I bought a small leafed ivy and African violet this spring, they're dying.

An amazing thing is I've kept a Christmas cactus alive, even with a transplant.
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Old 09-04-2014, 05:46 PM   #8
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Quote:
Originally Posted by Birding Bunch View Post
Hmm... this sounds interesting. Where did you get the seeds from and does it take a lot of care?
It is a cool plant. Jeff loves it! We actually bought a small seedling probably 15 years ago or more at a greenhouse. It didn't last long.

A couple of years ago, I spotted the seeds in the spring at a local nursery. It was among the vegetable seeds and flower seeds one tends to see that time of year. I think they did have some more unusual things. I grabbed it along with whatever vegetable seeds I was buying that year.

The seed packet said to soak the seeds in very hot water (I vaguely think it said boiling...but that is hard for me to believe...I think it would kill them/cook them). After 24 hours, just plant them as normal seeds. I put them in a very sunny window. They really seemed to like that location.

I'd planted them early enough so that they'd at least have some of their true leaves by the time it was Jeff's birthday. Then I surprised him with it...not sure what else I got him that year, but that is the one we remember.

So, it ended up blooming by the end of summer. I tried to help pollinate it in case it couldn't manage on its own. We ended up with about 4 seeds. I saved them for the next year as it was nearly winter by then, I think. The original plant died back, but survived, and this spring I cut it back--despite Jeff's objection (I knew it needed it). Then I planted the new seeds--after soaking them in HOT water. They germinated, and the original one took off (after I transplanted it to a bigger pot). They both are starting to form flower buds--Jeff even counted them the other day and told me. (You have to understand...he likes houseplants--me not so much anymore, though I did in my youth--but watering always falls to me.)

So, if you find the seeds, soak them, and put them in a sunny spot, I think they will do well. They seem to like well drained soil...and I water them about once a week--if I remember. Some plants thrive on neglect.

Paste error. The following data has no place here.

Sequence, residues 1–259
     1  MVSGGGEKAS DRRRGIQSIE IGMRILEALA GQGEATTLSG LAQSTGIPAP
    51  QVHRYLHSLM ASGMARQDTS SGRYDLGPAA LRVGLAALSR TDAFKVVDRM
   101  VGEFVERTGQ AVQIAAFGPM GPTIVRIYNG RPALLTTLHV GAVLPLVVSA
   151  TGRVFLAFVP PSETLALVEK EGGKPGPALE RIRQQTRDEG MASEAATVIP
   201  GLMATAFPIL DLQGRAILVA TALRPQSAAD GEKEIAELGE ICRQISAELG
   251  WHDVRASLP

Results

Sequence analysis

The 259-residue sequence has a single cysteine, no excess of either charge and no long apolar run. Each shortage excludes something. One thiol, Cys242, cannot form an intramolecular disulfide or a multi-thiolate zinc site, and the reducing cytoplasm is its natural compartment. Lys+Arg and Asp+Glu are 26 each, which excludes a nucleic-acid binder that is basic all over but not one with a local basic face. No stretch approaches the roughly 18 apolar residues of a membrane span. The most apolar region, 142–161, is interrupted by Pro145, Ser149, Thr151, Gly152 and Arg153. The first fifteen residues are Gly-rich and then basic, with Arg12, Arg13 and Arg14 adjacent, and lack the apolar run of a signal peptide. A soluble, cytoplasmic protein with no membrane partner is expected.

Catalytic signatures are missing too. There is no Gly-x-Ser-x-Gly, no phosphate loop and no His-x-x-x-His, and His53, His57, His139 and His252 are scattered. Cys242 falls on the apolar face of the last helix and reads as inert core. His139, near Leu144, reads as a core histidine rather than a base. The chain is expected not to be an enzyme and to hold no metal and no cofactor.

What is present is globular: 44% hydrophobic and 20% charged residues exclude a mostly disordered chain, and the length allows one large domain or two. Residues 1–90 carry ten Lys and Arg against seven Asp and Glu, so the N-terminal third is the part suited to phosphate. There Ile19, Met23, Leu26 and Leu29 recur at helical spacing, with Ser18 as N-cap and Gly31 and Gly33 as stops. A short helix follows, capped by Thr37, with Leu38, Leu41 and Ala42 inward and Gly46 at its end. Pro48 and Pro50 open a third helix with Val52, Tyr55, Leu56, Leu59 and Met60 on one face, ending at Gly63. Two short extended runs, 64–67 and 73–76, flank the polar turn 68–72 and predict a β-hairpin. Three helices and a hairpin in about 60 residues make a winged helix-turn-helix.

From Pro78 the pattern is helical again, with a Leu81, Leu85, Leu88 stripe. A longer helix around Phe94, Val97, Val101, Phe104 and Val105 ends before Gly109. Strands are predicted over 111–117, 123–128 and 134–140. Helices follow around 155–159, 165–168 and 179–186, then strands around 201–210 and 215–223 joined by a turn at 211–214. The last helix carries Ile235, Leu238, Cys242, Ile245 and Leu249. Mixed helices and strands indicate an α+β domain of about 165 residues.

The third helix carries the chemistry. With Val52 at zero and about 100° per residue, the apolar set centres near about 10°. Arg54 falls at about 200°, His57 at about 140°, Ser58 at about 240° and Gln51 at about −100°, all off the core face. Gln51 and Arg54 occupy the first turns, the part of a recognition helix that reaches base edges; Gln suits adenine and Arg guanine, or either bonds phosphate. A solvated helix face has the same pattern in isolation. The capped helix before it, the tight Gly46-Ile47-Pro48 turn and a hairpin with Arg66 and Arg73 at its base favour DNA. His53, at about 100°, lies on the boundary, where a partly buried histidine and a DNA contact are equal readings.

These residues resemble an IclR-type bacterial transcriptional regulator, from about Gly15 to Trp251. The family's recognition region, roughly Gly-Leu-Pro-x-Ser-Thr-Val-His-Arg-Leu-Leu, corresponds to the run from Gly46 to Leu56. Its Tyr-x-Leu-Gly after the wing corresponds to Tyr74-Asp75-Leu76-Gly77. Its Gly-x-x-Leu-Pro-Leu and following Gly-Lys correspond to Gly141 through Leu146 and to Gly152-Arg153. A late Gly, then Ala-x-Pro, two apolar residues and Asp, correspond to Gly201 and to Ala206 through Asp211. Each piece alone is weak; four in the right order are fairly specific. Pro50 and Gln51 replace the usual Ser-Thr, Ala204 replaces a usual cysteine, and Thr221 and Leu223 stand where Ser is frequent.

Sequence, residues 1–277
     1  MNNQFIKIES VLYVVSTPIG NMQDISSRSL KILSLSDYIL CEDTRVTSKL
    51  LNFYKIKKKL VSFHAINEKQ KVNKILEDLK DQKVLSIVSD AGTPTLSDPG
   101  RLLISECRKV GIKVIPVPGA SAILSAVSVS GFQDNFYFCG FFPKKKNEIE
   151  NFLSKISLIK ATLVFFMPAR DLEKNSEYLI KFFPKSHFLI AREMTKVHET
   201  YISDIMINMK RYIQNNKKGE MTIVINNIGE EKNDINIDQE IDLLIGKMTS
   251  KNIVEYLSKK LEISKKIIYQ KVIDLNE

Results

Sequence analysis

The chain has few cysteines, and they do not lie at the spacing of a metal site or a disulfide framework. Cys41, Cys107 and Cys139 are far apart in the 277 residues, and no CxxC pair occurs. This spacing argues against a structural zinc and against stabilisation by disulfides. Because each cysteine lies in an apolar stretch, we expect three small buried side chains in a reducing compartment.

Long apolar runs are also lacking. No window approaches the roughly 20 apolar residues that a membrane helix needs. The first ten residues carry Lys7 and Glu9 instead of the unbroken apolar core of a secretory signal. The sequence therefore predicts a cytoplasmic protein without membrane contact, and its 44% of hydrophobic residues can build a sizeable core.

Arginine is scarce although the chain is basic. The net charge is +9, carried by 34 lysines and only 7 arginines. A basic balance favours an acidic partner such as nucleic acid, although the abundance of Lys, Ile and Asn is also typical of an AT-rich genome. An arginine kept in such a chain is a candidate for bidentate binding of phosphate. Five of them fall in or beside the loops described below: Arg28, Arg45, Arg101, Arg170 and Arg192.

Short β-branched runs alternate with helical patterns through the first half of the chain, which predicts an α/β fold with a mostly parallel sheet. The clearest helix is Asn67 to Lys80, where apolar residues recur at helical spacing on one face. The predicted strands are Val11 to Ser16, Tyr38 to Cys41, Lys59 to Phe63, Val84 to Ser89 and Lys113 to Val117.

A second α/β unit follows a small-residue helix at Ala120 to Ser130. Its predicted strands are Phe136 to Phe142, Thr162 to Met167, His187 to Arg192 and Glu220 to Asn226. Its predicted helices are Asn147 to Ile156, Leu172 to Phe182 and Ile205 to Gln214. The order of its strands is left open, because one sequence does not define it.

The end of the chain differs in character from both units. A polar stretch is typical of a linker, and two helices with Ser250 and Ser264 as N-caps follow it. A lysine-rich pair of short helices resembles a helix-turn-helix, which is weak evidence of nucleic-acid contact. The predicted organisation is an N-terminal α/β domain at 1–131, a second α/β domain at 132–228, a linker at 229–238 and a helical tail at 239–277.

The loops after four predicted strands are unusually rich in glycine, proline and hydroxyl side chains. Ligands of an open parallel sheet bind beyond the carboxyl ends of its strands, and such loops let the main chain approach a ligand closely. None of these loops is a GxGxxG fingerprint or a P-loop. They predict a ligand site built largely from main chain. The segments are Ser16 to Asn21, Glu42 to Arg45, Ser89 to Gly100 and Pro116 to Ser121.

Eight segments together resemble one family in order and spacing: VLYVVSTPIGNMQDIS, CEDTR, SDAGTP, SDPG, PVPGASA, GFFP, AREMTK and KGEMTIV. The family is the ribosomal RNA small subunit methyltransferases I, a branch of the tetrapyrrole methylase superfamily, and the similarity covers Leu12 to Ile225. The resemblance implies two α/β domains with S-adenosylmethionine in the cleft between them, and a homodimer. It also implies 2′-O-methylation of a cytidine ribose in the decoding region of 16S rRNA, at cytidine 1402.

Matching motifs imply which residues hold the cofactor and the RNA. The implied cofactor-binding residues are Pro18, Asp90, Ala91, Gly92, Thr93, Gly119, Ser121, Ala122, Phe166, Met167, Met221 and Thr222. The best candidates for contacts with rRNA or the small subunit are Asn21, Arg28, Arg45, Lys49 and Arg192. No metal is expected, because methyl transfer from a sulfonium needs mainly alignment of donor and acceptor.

Quote:
Originally Posted by Birding Bunch View Post
I have to admit, when it comes to houseplants, we just do not get along. I created this to get printed and it will be hung in a prominent location for all visitors to see.
Attachment 41542

If you notice the grammatical error, please don't point it out. I actually typed it in correctly the first time, but then questioned it, so changed it to what is now an error.
Your post made me smile or laugh a couple times. This was the first time.
I like the warning. Very cool. ...and I'm sad to say that I didn't notice the grammatical error and had to go back to check. I tend to catch things like that...or at least I *think* I do...but I'm famous for making them at times too.
Quote:
Originally Posted by Birding Bunch View Post
People come over, they don't see houseplants, so think I need them. I was given at least three last year and the one I least liked is the one that survived. I call it an indoor weed- philodendron. I gave it a haircut. A simple whack that cut off six or more feet. I am too lazy to tack that thing up the wall and around the ceiling.
~smile~

I think I remember that kind of philodendron. My mother had one for a long time. Actually, I think cutting it back is the way to go to keep it compact and less work for you.

Quote:
Originally Posted by Birding Bunch View Post
An amazing thing is I've kept a Christmas cactus alive, even with a transplant.
Yippee! Good job.
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Old 09-04-2014, 06:26 PM   #9
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Quote:
Originally Posted by Birding Bunch View Post
Hmm... this sounds interesting.
It looks even more interesting. They say a picture is worth a thousand words, so, what is a video worth?

Mimosa Pudica - The Sensitive Plant - YouTube